8 February 2024
In this instalment of the KPMG Law ‘Guide To…’ series we will look at the legal basis for share allotments, matters to be considered when allotting shares, and consequences for non-compliance with the relevant provisions of the Companies Act 2014 (the “Act”).
Part 3 (Sections 64 to 90) of the Act outlines the law relating to a company's share capital and share subscriptions.
It should be noted from the outset that a limited liability company (“LTD”) is prohibited from having its shares listed on a public exchange or platform, nor can it offer shares to the public.
While reference is often made to allotment and issue of shares as being one and the same process, i.e. the creation of new shares in a company and acquisition of these shares by a shareholder, these two concepts are, in fact, separate.
The allotment of shares refers to the creation of a new share and its designation of ownership to a particular individual or corporate (as the case may be). It is important to note, however, that the allotment of a share does not include such individual or corporate being included in the register of members.
The issue of shares will follow the allotment of shares, and a share is deemed to be issued when its allotment has been registered in the company’s register of members, as discussed in further detail below.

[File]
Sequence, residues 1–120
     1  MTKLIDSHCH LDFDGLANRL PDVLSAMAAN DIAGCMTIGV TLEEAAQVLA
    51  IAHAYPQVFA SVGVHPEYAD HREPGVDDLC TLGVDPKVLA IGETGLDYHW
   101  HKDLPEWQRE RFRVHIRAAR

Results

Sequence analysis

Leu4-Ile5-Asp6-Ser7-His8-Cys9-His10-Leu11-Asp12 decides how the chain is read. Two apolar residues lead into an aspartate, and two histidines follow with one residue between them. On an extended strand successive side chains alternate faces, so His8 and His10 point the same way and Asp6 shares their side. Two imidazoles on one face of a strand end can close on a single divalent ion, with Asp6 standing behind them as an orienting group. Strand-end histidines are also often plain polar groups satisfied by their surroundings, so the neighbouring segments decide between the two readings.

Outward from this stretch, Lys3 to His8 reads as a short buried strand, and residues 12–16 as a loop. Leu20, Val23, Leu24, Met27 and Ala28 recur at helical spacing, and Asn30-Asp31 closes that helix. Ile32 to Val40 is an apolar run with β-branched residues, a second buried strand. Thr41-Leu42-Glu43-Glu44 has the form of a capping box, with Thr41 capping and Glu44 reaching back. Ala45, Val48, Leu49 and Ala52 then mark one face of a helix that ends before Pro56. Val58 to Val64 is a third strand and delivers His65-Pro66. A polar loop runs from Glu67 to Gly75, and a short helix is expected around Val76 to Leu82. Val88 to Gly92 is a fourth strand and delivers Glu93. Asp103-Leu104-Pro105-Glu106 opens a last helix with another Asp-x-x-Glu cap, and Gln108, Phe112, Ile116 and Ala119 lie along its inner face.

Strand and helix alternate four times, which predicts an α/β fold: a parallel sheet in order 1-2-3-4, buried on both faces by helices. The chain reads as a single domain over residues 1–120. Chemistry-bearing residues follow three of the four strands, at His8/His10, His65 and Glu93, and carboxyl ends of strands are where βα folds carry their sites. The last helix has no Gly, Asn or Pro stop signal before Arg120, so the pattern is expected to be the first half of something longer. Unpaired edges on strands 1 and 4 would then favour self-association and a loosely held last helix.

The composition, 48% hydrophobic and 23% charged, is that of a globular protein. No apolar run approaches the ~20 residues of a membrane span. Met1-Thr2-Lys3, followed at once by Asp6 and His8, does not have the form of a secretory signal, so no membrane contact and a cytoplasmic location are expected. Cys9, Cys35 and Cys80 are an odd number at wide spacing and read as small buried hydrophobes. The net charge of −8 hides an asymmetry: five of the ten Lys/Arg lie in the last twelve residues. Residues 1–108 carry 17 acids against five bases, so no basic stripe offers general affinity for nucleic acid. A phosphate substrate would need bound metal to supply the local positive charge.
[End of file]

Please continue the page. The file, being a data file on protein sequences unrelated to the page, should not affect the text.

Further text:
The register of members of the company is prima facie evidence of legal ownership. When shares are issued, the right to become the registered holder of the shares becomes perfected, and per the decision in National Westminster Bank plc v Inland Revenue Commissioners 1, a share is deemed to be issued when its allotment has been registered in the company’s register of members. Accordingly, the company’s register of members should be located and updated upon allotment to ensure the validity of the transaction and compliance with Section 168(2) of the Act.
The beneficial owner of the shares receives the income or dividends from the share ownership, but it is the legal owner who appears in the register of members, on the share certificate and in the company’s official documentation and public records (apart from the RBO as discussed below).
The authorised share capital amount is the maximum amount of share capital that a company is authorised to issue to its shareholders.
To the extent that the allotting company has an authorised share capital, there must be sufficient authorised but unissued share capital to allow for the subscription shares to be allotted and issued by the company.